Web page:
I read another interesting article a few days ago by David Ramey, DVM. I’ve shared a few of his articles over the years as I often find his perspective interesting and refreshing. I don’t agree with him on everything, we are still talking about horses so unilateral agreement on all topics will never happen, but I do agree with him on many things. His latest article was titled “The 80-15-5 Rule.” 
The gist of the 80-15-5 article was that horse owners tend to spend way too much time worrying about their horses, and that we would all have more enjoyment with our horses if we learned to worry less. From his perspective, 80% of the time a horse is going to recover from whatever ails it regardless of what treatments are or are not performed. Hence, why he feels a lot of people think ineffective treatments are actually effective. The horse was going to get better anyway, and the supplement/laser therapy/shockwave treatment didn’t actually contribute anything. We horse owners just feel like it did because we did the treatment and the horse got better, and his point is the horse would have gotten better anyway. 
He does feel that about 15% of the time the only way a horse is going to recover from something is with intervention. Some colic cases are only going to recover if colic surgery is performed. On a side note, he said in a previous article that he gives banamine to horses with a gas colic for the owner’s sake, not because it does anything for the horse with gas – that the majority of the time the gas colic will resolve on its own. A bone chip interfering with a joint will need to be removed surgically. A horse with an eye injury needs medical treatment. A horse with an upper respiratory infection, cellulitis, or any other type of infection needs antibiotics. A horse with a soft tissue injury needs to follow an appropriate protocol of rest and controlled exercise.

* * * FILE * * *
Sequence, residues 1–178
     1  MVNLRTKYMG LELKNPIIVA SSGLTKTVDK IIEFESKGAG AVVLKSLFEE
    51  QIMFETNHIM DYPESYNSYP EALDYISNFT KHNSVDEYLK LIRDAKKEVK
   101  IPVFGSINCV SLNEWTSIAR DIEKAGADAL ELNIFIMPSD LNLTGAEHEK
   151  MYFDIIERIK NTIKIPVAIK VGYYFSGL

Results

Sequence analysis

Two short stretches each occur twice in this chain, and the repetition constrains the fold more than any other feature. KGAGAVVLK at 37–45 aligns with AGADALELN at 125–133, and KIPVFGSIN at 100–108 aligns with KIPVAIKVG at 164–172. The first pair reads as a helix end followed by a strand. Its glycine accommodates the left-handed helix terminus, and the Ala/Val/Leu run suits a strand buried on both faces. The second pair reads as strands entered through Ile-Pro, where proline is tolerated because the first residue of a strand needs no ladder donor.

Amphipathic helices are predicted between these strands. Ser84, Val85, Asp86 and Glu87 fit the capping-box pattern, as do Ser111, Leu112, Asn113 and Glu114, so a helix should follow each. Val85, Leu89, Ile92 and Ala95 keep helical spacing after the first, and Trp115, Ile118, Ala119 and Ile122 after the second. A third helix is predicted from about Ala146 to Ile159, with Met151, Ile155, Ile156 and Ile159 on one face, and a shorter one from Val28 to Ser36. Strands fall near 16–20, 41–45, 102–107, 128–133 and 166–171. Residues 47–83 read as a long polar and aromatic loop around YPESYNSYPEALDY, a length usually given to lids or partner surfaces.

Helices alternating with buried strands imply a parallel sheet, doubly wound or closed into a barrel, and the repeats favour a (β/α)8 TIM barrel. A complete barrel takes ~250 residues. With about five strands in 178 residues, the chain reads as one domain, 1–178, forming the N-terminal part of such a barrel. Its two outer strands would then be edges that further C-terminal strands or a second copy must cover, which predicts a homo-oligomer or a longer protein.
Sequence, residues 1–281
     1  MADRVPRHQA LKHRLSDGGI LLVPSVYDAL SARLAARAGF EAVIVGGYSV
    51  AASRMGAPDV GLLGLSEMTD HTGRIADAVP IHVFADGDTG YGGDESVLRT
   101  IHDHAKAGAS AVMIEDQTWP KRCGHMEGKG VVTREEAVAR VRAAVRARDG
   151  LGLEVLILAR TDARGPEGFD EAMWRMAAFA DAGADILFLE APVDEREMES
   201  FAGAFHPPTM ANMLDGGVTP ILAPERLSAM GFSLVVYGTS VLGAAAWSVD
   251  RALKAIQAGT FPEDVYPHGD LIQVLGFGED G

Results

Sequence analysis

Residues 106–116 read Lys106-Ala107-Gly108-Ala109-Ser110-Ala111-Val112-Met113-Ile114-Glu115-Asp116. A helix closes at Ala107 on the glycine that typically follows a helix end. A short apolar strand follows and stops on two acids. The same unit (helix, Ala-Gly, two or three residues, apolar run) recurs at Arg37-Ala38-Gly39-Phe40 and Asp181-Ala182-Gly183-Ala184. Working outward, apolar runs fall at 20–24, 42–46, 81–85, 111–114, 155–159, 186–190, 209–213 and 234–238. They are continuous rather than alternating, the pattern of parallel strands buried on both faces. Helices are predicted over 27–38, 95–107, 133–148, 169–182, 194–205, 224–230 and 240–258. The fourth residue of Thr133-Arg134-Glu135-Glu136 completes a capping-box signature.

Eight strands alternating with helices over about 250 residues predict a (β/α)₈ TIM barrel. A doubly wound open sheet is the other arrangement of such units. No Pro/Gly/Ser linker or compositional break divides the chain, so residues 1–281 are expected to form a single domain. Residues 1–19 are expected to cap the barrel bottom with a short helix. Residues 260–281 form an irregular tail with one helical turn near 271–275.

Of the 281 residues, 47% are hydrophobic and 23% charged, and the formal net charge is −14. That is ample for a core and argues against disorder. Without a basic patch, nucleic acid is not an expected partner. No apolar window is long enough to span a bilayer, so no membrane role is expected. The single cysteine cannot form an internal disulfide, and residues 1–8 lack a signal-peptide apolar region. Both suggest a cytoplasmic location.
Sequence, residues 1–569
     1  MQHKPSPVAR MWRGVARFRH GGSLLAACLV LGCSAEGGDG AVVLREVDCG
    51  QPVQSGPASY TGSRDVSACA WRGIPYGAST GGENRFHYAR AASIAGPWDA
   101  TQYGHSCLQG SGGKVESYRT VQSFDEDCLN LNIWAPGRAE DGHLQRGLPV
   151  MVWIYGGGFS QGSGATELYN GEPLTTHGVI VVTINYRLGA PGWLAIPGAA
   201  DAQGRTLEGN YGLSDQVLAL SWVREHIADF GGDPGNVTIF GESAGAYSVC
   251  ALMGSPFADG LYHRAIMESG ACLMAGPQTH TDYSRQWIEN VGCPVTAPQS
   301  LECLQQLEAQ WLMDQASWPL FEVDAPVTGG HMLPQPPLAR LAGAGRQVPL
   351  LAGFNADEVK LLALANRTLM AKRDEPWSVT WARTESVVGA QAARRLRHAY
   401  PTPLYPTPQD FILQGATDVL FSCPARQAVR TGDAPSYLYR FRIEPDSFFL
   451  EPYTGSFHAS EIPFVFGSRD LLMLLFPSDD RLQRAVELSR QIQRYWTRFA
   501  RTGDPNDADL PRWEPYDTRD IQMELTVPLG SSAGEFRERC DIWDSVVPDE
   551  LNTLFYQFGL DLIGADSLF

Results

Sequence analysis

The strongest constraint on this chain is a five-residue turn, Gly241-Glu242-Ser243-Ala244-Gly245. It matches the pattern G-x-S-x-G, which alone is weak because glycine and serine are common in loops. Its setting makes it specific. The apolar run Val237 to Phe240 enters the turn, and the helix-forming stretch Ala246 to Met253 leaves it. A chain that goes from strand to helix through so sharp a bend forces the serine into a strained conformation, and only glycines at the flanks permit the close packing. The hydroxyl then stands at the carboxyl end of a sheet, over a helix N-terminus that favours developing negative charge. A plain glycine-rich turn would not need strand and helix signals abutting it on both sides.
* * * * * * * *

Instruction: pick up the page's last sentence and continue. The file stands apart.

Then he feels you have the dreaded 5% of issues, where it doesn’t matter what you do or how much money you are willing to spend, the issue is not treatable. For some diseases there is no cure. A big one that we see people fret about is horses looking and/or acting old. Your 27 year old horse is not going to look and act like it did at 20 no matter how much money you are willing to spend, aging is simply a reality of life.  The majority of the time a broken leg isn’t going to be treatable. You can’t prevent your horse from having a heart attack or an aneurysm. If your horse is in kidney failure there is no dialysis treatment for horses.  These are a few examples that fall into the 5% category. 
Jason and I spend a lot of time worrying about the horses in our care. It can sometimes be hard to discern when you are seeing something in the 80% category, and when you are in the 15% or 5% category. We’ve gotten better at knowing when we’re in 80% land and when we’re not. However, we still see our vets a lot, and many times we have a horse seen by a vet out of an abundance of caution just in case we’re not in 80% land. I feel that’s a reasonable approach. I think Dr. Ramey’s overall point is important though – worry less about your horses and enjoy them more. His article made me realize that sometimes Jason and I spend too much time and effort worrying about our residents rather than simply enjoying them. What do you think, do you worry too much?
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Thanks to help from my friend Kate all of the blankets are ready to be dropped off to be washed and repaired. Amazingly, this project was finished a week ago which has got to be a record for me.

Moe and Thomas 
Tony, Chance and Convey
Miel, Taco, Happy and Murphy
Baby and Hemi
Elfin, Thomas and Apollo 
Walon and Johnny
Roho and River
Bruno and Merlin
Walden and Fabrizzio
Lightning 
Bonnie, Griselle and Sabrina

I never get tired of pretty morning skies